After months in the making 19-year-old Cuban switch-hitter Yoan Moncada has settled on a team, signing with the Red Sox for what Jesse Sanchez of MLB.com says is $31.5 million.
Most projections had Moncada getting $30-$40 million and by committing that much money to a prospect the Red Sox a) pay a 100 percent tax for exceeding the international bonus pool, meaning it’s really a $63 million investment, and b) forfeit their ability to spend significant money on international prospects for the next couple seasons.
But if Moncada develops into the type of player many people think he’s capable of being, they won’t care one bit. Ben Badler of Baseball America writes that Moncada is now one of the top-10 prospects in all of baseball and ranks as the Red Sox’s top prospect, projecting him to become a power-hitting third baseman or second baseman.
Initially when Josh Hamilton underwent shoulder surgery on February 4 the Angels announced that he’d be out for 6-8 weeks, but today general manager Jerry Dipoto said the team now expects to add another month to the recovery timetable.
Dipoto told Mike DiGiovanna of the Los Angeles Times “it could be as much as 12 weeks” while adding that “until he gets on site and on the field, it’s tough to determine how long it will take.”
DiGiovanna notes that Hamilton is currently rehabbing on his own in Houston and suggests that he may not even show up to the Angels’ spring training complex in Arizona. And if he ends up missing 12 weeks Hamilton wouldn’t be ready to come off the disabled list until sometime in May.
Nick Punto, who signed a minor-league deal with the Diamondbacks in January, has decided to sit out the season according to Jody Jackson of FOX Sports Arizona. He hasn’t officially retired, but at age 37 and considering he was already looking like a fairly marginal big leaguer the odds would be stacked against Punto playing again.
Punto signed a two-year deal with the A’s last offseason and hit .207 with two homers and a .589 OPS in 73 games as a utility man, at which point Oakland released him and ate the remaining $2.75 million on his contract.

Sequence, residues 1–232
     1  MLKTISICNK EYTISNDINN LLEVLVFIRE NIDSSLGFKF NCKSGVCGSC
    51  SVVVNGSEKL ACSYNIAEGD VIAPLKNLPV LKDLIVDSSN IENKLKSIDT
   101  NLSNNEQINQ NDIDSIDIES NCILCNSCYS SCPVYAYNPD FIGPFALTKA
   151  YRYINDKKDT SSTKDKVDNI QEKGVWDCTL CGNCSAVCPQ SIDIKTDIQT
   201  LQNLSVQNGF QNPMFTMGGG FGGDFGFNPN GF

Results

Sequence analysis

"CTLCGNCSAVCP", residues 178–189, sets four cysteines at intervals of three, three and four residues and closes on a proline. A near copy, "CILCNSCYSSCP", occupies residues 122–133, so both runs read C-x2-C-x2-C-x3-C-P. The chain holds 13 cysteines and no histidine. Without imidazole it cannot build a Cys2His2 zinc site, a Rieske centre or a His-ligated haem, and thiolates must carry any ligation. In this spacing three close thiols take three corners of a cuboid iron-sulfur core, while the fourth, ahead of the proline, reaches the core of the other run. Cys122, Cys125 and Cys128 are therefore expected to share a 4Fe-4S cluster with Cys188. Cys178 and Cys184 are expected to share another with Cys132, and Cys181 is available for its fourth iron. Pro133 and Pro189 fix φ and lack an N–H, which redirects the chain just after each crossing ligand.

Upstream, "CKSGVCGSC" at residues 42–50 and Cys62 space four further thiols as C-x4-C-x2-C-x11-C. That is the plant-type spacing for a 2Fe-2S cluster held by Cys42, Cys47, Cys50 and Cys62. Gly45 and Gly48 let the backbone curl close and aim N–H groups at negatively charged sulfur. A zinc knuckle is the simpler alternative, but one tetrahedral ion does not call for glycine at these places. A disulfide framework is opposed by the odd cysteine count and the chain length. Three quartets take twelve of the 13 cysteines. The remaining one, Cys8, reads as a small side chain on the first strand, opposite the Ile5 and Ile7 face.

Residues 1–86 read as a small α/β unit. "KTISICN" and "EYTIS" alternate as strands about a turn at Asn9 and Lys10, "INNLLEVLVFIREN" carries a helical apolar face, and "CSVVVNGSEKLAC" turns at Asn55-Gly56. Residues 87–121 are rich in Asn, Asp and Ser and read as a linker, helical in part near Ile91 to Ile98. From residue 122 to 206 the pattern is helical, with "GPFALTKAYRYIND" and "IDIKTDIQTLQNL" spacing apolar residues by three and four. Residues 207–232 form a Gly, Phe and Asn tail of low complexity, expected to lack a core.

A speedy, slick-fielding, light-hitting infielder, Punto played parts of 14 seasons in the majors and earned nearly $25 million despite topping a .700 OPS just three times. His best year came in 2006 for the Twins, when he took over as the starting third baseman and hit .290 with a .352 on-base percentage in 135 games.
If he’s indeed finished, Punto retires as MLB’s all-time leader in head-first slides into first base and exaggerated claps after head-first slides into first base.
Left-hander Joe Saunders has agreed to a minor-league deal with the Mariners that includes an invitation to spring training.
Saunders was terrible for the Mariners in 2013, posting a 5.26 ERA in 183 innings, and then was even worse for the Orioles and Rangers last year with a 6.70 ERA.
In his prime Saunders was a decent middle-of-the-rotation starter who often got overrated by run support-fueled win-loss records, but now at age 34 he looks mostly like Triple-A depth or possibly a middle reliever.
Brandon Finnegan had a rapid rise to the majors, debuting for the Royals just three months after they drafted him 17th overall and making a big impact in the playoffs as a reliever.
However, long term the Royals still think he fits best as a starting pitcher and general manager Dayton Moore said the team plans to continue developing him that way: